How (not) to set goals


It’s almost the end of the week and most of you are probably not too happy about Monday sneaking in. Developing this mindset of living on a Monday to Friday, 9 to 5 schedule, our brains are programmed  in a way to get the creeps on Monday mornings. Did you know that more heart attacks occured on a Monday than on any other day during the week? Seems like there is a collective anti-Monday campaign going on.

Weekends and holidays become goals, travelling during our free time becomes a purpose and we hustle every day to get the reward in the end: Leisure time!

I was wondering if another approach could be more effective. There are 5 things to consider when planning towards a bigger goal and not to fall into the Living for the weekend lifestyle.



1. Systems instead of goals

Ever wondered why these endless goals lists just never work out as they supposed to? Writing down goals is a good step, but it is only the first. Try to focus on systematic goals instead of saying "getting fit and go to the gym every other day" you could create a system which promotes activity and a healthy lifestyle. Try not to set goals because you think you need to fix something, keep the values of your systems updated and consider them when doing anything.


2. Short term rewards

Discipline and motivation are two tricky factors. If you are not motivated the discipline will fade away and if your lack of discipline leads to less significant results your motivation will shrink. Until you have created a new habit and the new behaviour is fully internalised  in your system (see point 1) try to give yourself some small rewards every now and then. Accomplished a goal? Get a treat that is not in conflict with your system and celebrate the daily life instead of waiting for the weekend or your holiday. Don't be over obsessed with optimising yourself and give yourself some breaks to relax and also to refocus on what's important for you.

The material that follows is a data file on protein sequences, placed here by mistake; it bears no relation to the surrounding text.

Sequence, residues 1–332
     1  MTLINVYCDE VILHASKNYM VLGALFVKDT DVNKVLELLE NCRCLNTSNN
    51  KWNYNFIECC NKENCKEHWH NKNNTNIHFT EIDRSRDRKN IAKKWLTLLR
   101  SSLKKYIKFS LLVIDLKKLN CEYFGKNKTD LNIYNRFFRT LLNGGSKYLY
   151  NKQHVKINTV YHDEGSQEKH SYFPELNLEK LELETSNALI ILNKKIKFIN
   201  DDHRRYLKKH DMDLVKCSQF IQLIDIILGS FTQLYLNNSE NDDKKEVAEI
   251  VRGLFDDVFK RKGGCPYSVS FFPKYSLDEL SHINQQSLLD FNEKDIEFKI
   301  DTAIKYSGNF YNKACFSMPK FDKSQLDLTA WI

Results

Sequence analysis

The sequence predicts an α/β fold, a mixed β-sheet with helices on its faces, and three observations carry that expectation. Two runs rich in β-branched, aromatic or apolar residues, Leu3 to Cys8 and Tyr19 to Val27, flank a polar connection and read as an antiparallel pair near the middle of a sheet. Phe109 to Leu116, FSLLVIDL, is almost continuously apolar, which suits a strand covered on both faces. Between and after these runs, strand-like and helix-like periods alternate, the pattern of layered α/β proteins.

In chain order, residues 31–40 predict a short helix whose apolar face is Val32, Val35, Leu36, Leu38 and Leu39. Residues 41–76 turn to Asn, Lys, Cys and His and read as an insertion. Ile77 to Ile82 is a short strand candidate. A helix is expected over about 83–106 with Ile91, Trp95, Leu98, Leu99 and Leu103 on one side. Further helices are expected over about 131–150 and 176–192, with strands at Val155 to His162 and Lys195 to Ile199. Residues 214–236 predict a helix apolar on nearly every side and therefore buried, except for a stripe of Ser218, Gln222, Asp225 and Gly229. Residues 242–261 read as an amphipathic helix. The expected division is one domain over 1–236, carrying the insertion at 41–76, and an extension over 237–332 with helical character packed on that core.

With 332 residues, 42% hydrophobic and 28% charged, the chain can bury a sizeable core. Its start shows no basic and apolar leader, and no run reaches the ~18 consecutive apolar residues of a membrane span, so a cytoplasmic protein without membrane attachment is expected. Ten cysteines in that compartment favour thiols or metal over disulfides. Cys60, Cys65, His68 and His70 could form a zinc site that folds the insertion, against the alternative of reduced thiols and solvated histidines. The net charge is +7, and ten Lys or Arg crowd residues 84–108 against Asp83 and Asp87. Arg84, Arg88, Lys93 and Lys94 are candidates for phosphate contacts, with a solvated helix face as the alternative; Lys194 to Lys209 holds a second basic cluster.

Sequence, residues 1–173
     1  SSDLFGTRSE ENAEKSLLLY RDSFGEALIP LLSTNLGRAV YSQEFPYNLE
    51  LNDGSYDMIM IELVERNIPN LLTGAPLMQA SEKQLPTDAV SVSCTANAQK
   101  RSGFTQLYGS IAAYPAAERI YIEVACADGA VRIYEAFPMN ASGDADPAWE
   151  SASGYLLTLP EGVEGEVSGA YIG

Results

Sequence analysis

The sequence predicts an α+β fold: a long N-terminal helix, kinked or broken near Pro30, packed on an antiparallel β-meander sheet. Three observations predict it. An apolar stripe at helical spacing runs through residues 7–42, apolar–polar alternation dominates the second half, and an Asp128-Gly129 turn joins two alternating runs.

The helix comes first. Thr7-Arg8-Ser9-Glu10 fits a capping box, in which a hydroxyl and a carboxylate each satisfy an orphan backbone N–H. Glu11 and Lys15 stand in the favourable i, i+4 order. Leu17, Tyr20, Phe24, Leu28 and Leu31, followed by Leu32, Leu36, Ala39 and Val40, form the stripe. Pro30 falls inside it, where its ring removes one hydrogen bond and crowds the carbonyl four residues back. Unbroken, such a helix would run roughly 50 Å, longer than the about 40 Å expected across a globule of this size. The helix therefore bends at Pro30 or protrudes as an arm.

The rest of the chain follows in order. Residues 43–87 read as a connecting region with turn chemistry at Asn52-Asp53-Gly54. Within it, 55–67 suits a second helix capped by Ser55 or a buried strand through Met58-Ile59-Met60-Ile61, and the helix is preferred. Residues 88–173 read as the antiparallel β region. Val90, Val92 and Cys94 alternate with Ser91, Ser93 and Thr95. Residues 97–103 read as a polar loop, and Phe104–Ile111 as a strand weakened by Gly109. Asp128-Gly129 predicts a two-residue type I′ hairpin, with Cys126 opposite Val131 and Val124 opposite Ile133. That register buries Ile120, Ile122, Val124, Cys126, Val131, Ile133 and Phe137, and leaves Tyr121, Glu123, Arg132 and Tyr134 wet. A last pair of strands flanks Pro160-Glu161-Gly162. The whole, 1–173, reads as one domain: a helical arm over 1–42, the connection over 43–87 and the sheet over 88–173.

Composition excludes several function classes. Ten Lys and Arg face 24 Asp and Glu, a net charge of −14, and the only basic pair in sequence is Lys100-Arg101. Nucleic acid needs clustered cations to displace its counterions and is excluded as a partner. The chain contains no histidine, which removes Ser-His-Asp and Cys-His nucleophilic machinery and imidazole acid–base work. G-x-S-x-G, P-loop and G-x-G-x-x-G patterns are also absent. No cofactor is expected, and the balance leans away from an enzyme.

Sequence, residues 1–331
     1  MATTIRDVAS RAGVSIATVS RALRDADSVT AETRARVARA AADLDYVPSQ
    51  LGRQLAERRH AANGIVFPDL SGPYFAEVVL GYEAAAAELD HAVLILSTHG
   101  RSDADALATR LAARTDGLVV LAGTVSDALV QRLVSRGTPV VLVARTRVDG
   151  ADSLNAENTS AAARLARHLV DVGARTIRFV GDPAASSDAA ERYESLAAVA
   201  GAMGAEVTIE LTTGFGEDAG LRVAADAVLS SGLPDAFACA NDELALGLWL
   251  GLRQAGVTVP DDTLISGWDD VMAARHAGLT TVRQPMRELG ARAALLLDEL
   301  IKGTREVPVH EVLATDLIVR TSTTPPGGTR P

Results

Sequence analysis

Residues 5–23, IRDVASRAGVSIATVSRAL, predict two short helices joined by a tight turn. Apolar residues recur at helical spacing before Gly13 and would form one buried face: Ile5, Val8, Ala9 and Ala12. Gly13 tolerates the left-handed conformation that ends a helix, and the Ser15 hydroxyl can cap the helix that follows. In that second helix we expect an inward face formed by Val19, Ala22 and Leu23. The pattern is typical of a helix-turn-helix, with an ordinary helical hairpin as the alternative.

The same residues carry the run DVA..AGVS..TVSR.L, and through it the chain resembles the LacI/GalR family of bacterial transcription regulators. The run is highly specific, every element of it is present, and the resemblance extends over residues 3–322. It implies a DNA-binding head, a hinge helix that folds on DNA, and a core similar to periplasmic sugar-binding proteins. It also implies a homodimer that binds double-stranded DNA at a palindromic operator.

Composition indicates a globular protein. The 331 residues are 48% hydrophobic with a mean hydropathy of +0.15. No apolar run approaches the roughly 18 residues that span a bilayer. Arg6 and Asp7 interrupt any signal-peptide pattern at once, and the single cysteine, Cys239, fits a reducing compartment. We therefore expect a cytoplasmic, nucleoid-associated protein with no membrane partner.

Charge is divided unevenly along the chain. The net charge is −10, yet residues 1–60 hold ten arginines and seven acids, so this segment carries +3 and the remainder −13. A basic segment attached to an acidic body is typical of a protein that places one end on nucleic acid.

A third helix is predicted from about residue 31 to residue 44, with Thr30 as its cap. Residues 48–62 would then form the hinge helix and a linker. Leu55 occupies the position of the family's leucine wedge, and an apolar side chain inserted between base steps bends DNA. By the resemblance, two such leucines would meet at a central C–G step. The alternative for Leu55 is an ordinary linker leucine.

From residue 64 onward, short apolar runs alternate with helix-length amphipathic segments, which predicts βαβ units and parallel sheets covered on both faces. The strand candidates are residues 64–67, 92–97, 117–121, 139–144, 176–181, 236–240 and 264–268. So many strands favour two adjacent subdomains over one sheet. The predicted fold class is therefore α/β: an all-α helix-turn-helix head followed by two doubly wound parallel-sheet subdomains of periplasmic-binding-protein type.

3.  Make mistakes

It is not easy to admit a failure or a mistake, but a mistake or failure is actually not that bad, as long as you keep moving. Mistakes are natural and part of getting closer to the goals you actually want. Embrace a failure stands for embracing the journey.


4. See the bigger picture but stay flexible

If you are like me and love to dream big plus having a tendency to  be not the most patient person in the world the struggle is real. When trying to achieve a goal be flexible, have long term and short term goals and try to be flexible with time and effort. It might need you to try to something a few times more than expected. Overnight success is a myth. People, who are extremely successful or famous overnight, were mostly hustling for a long time in their area before they got successful.  


5. Learn to love the hustle

I think that was also one of the hardest for me to accept. You can't skip it.  Every master or successful person in any area had to get to some phase of hustle. That doesn't always mean to work like a maniac and so on as it can vary for every person. Hustling for the moment so you can earn the rewards in the future. Learn how to save, live on a budget, plan more efficient and get organised.

And don’t forget, the journey is the reward :)